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Clinical Problem Solving: Radiology
August 2004

Radiology Quiz Case 2

Author Affiliations


Arch Otolaryngol Head Neck Surg. 2004;130(8):997. doi:10.1001/archotol.130.8.997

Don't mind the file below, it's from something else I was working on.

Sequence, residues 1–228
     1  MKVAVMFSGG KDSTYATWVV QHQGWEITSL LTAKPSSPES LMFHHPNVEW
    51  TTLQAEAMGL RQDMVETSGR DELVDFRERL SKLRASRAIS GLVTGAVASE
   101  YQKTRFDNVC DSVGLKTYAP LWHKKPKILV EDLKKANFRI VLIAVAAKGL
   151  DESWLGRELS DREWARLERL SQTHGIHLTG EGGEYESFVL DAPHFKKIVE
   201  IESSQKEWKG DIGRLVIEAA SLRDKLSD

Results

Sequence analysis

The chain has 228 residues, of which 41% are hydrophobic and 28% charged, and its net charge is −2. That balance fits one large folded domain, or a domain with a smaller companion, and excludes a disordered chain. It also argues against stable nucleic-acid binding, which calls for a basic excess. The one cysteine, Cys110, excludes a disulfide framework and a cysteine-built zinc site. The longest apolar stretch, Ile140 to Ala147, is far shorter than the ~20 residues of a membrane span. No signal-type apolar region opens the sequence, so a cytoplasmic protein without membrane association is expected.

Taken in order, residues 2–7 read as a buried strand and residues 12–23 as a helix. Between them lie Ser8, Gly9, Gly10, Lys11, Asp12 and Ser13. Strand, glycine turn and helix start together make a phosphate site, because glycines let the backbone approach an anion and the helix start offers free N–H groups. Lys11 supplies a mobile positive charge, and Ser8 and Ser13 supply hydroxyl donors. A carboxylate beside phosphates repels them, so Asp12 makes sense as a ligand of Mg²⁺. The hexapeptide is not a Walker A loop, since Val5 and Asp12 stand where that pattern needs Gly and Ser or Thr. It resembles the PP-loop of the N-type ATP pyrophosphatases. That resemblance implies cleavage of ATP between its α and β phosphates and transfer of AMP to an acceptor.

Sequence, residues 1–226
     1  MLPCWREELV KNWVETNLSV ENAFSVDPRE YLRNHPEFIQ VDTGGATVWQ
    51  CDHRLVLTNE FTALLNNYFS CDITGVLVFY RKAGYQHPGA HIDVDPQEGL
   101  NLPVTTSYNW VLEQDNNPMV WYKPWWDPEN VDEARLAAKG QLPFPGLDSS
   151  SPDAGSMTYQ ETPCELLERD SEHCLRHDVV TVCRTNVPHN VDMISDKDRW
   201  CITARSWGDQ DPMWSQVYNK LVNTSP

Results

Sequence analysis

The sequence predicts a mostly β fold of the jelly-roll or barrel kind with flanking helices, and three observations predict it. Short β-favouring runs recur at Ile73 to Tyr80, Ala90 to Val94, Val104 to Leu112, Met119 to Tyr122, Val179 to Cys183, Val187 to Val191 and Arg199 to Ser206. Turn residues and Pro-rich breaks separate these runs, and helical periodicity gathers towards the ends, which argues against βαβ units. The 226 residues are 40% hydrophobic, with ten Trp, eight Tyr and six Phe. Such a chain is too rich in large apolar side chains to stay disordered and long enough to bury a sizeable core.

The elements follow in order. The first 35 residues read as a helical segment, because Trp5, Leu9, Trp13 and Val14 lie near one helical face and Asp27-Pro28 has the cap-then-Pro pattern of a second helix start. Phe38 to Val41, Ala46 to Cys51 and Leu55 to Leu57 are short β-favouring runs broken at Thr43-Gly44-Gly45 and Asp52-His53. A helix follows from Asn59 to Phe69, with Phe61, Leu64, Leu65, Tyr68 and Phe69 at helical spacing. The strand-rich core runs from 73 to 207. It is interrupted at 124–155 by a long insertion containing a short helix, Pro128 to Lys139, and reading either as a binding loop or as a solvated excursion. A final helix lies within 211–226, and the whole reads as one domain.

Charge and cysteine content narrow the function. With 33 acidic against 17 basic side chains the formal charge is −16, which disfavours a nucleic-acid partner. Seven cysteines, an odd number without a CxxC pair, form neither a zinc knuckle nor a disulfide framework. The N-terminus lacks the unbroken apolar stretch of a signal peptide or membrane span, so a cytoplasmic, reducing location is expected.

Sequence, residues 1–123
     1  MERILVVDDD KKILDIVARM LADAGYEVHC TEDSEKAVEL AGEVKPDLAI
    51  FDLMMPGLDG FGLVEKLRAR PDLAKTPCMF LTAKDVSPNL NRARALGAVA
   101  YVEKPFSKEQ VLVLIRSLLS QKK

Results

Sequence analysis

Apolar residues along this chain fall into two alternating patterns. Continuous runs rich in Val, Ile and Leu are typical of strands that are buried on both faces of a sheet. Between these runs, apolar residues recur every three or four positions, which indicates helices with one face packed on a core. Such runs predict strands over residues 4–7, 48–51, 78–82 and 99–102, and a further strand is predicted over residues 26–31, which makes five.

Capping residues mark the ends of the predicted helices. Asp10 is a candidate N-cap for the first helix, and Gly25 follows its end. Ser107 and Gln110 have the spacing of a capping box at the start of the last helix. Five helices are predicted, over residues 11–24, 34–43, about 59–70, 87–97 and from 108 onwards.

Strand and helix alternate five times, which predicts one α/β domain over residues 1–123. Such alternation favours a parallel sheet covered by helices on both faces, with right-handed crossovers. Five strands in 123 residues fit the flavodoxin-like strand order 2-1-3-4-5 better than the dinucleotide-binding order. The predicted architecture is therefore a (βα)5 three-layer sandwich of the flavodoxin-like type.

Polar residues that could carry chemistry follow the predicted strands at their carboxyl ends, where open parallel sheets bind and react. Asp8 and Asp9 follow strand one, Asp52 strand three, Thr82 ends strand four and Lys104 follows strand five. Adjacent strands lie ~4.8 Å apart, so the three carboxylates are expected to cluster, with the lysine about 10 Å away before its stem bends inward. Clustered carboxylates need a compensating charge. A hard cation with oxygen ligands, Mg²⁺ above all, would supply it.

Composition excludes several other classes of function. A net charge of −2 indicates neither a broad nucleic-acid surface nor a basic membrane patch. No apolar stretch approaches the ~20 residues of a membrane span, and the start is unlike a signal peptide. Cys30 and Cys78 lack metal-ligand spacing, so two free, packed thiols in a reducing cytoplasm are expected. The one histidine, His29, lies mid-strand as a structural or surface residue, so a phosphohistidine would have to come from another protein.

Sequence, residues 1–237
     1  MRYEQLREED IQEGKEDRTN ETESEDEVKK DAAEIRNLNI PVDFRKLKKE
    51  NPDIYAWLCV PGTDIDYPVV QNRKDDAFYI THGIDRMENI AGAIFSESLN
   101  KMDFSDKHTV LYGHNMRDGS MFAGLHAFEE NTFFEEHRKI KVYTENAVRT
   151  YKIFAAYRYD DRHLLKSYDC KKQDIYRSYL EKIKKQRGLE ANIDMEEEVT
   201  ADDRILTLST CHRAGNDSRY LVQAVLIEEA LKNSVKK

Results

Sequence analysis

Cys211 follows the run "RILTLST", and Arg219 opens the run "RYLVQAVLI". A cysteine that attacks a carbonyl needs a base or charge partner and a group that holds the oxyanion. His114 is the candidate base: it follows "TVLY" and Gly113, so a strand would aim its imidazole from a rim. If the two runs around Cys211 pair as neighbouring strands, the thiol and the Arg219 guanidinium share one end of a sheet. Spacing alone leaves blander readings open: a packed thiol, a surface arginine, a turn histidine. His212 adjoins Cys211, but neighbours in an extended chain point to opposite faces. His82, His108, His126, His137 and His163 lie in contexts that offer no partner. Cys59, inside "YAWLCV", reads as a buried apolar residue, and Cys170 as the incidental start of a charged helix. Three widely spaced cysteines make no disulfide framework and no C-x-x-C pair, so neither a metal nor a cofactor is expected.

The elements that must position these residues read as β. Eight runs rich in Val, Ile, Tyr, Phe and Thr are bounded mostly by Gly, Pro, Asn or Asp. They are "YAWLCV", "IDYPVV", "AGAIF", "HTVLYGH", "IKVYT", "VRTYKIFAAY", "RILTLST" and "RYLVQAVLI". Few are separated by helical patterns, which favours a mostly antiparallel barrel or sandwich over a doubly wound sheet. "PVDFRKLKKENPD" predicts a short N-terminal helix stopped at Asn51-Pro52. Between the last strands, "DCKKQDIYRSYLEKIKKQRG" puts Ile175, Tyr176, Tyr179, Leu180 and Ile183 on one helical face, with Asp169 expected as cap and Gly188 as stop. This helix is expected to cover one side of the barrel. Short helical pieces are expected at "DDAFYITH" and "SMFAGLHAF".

A 71-year-old white woman presented with a 6-month history of dysphagia and a swelling in the right side of her throat. She was otherwise healthy. Physical examination of the oral cavity revealed a mass that began behind the right tonsil and extended medially and upward to the nasopharynx. The mass, which was entirely submucosal, was soft on palpation. There was no nodularity associated with the mass, and there was no palpable cervical adenopathy of the neck. The results of the rest of the physical examination were normal. T1- and T2-weighted sagittal, axial, and coronal plane magnetic resonance images (MRIs) were obtained. The MRIs showed a 5.5 × 4.5 × 3.5-cm, well-defined, lobulated mass, which demonstrated high intensity on T1-weighted images, in the right parapharyngeal area. The mass, which did not invade the surrounding spaces, had internal septa but no malignant features (Figure 1, Figure 2, and Figure 3). It was excised using blunt dissection via a transcervical approach. Histologic examination showed a benign mass consisting of mature adipose tissue cells separated by fibrovascular septa and a circumscribed fibrous capsule. The histologic findings are shown in Figure 4.

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